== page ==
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Chamber recognizes special people in membership banquet

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CHAMBER AWARD WINNERS – Special awards were presented to those recognized at the Carroll County Membership Banquet Oct.24. On the front row (from left) are Callie Bryant and Olivia Hays from West Carroll Elementary School; and Taylor Anthony from Central High School, Youth Achievement Awards; Andrea Browning, Business Person of the Year; and John Mann, Carroll Countian of the Year. On the back row (from left) are Jacky Atkinson and Jamie Peterson, owners of J & J General Store, Business of the Year Award; Jimmy Tosh, owner of Tosh Farms, Agri Business/Farmer of the Year; Ike Gilbert and Neal Williamson, Webb Alumni, Bicentennial History Award.
CARROLL COUNTIAN OF THE YEAR – Carroll Countian of the Year John Mann holds up his plaque that he was presented. In the background is Terry Bradshaw who presented the award. Photos by Shirley Nanney



Carroll County Chamber of Commerce recognized special people at the Chamber’s Membership Banquet Oct. 24 at the Carroll County Civic Center.

John Mann, of Hollow Rock, who has proven his love for the county by his many years of service as a county commissioner and serving on many committees and in other capacities, was honored as Carroll Countian of the Year.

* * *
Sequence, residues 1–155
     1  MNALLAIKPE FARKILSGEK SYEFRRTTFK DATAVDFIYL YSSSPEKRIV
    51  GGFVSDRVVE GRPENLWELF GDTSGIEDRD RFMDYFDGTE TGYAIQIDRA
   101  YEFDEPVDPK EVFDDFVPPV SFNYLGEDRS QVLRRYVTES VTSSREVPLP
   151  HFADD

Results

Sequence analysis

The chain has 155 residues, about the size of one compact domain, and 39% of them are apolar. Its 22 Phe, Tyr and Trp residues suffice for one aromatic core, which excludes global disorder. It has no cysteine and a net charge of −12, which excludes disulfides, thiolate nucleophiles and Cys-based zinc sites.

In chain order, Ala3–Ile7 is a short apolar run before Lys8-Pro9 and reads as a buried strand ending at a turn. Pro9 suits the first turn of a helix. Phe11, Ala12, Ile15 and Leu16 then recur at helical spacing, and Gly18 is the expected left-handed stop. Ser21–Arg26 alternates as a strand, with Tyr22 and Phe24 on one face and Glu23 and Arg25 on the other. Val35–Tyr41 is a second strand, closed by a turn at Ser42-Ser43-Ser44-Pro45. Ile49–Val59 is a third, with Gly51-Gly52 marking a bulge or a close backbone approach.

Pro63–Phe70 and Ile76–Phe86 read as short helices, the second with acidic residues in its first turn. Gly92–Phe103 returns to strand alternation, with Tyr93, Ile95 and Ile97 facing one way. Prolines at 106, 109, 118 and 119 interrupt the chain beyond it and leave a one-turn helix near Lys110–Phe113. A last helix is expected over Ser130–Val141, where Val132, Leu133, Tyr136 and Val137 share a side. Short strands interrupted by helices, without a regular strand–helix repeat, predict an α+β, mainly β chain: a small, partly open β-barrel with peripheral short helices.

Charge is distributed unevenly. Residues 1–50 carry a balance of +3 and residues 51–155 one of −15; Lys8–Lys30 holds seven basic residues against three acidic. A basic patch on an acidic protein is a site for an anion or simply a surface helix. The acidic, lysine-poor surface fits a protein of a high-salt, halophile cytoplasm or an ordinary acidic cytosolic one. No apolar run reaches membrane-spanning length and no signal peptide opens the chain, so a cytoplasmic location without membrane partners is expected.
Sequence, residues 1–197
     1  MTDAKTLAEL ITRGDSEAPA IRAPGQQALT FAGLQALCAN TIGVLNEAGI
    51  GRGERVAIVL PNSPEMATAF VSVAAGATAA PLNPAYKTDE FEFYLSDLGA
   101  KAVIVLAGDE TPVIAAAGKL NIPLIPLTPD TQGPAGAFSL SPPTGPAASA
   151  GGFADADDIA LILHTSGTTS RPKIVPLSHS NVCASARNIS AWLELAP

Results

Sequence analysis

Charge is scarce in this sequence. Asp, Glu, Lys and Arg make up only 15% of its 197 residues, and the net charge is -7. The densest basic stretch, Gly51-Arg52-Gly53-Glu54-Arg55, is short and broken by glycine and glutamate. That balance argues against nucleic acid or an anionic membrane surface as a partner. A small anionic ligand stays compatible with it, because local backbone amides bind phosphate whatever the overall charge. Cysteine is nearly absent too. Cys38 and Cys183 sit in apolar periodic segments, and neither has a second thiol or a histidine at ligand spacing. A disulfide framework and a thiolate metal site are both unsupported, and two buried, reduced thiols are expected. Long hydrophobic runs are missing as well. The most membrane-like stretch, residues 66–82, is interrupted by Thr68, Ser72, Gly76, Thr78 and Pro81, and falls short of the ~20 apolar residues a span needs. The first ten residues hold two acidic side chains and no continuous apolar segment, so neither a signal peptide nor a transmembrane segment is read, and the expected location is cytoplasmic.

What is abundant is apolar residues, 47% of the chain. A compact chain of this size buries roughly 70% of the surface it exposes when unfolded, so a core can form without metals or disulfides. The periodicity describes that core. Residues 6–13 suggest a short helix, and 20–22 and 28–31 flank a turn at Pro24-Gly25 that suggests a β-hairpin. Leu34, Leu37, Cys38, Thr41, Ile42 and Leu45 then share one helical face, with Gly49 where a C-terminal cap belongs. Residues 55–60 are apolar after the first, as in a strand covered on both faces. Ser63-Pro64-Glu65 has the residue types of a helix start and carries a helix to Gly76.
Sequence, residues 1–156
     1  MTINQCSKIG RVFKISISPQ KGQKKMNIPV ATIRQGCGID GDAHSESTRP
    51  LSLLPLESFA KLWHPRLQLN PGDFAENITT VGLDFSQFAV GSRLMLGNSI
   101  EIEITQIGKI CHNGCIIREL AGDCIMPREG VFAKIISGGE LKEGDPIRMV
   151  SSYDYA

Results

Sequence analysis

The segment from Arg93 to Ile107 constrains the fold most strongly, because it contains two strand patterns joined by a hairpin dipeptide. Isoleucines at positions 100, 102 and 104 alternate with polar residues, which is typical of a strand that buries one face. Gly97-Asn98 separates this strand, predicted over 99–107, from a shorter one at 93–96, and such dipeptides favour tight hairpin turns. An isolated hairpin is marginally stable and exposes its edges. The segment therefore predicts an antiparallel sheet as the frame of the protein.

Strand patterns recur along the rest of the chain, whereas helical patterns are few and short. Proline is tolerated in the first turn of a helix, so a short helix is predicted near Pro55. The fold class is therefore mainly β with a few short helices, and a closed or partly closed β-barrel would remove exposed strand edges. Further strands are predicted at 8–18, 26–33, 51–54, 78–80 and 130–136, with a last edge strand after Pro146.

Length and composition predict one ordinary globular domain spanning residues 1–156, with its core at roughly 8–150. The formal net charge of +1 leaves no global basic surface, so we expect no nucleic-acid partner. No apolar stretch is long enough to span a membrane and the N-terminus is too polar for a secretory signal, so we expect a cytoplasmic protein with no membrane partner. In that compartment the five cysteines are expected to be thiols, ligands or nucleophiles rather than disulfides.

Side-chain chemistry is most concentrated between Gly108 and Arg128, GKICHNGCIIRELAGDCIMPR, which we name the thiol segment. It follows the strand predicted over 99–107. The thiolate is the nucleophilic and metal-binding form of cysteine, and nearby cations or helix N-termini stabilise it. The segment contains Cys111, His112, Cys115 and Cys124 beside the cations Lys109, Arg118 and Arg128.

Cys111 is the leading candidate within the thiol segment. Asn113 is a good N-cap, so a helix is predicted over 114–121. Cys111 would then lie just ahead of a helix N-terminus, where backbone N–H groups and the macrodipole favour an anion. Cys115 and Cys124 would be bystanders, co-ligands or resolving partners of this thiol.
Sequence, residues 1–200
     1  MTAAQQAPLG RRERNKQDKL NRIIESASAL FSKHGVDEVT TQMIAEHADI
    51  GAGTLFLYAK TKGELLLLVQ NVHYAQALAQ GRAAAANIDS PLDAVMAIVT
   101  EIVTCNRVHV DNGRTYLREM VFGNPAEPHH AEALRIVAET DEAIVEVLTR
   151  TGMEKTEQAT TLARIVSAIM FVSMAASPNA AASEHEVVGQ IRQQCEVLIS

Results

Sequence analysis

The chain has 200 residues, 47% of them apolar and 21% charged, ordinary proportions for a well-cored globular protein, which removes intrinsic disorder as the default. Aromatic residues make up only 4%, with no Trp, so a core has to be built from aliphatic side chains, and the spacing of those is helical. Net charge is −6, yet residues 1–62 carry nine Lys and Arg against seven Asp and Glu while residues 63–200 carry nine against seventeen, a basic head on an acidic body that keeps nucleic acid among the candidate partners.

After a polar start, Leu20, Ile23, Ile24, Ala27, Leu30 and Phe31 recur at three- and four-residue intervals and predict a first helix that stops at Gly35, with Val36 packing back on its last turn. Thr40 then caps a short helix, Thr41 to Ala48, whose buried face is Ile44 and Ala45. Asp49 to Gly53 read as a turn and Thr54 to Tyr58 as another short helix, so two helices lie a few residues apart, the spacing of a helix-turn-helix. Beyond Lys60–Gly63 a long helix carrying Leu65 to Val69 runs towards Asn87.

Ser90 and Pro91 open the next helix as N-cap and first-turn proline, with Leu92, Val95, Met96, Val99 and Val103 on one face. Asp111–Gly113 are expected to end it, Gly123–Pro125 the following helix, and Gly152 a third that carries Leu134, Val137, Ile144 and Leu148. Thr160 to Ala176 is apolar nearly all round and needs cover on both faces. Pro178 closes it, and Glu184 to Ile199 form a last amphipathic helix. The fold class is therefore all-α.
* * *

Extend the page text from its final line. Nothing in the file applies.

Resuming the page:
He was presented the award by Chamber member Bro. Terry Bradshaw who noted he was the thirty-seventh person to receive it.

 Andrea Browning of Trezevant who grew up in the banking business, and followed in the footsteps of her father George Atwood, was named the Business Person of the Year. Chamber representative Joe Smothers and her dad, who was the 1990 Busines Person of the Year, presented the award.

Browning serves as president and CEO of Centennial Bank, headquartered in Trezevant. She said she was pleased to be named Business Person of the Year just as her father was in 1990. 

Her father introduced her and told how she she had been promoted to the present position. There are 153 employees in the bank family.

“I began popping popcorn as my first job,” she said.

The bank was started in 1916 by Browning’s great grandfather.

The Webb Alumni Association was presented the Bicentennial History Award by County Mayor Joseph Butler who spoke of how much the association means to Carroll County and its historical value.

Neal Williamson, of Trezevant, president of the national organizational, and Ike Gilbert, former president of the national organization, both spoke of the history and heritage of Webb. 

Williamson said he was proud of Webb Alumni and what it had stood for all these years in educating students.

Gilbert noted that he graduated from the last class in 1966 that was opened in the 1930’s as the only black high school in the county.

There are Webb Alumni organizations all over the United States. The Alumni actually own the school, Gilbert pointed out.The Webb Alumni organizations meet each Labor Day at the school to honor their heritage.

The Youth Achievement Award was presented by Chamber official Don Reed to West Carroll Elementary Meeting of the Minds team consisting of Callie Bryant, Olivia Hays, Mia Hamm and Chloe Rimmer.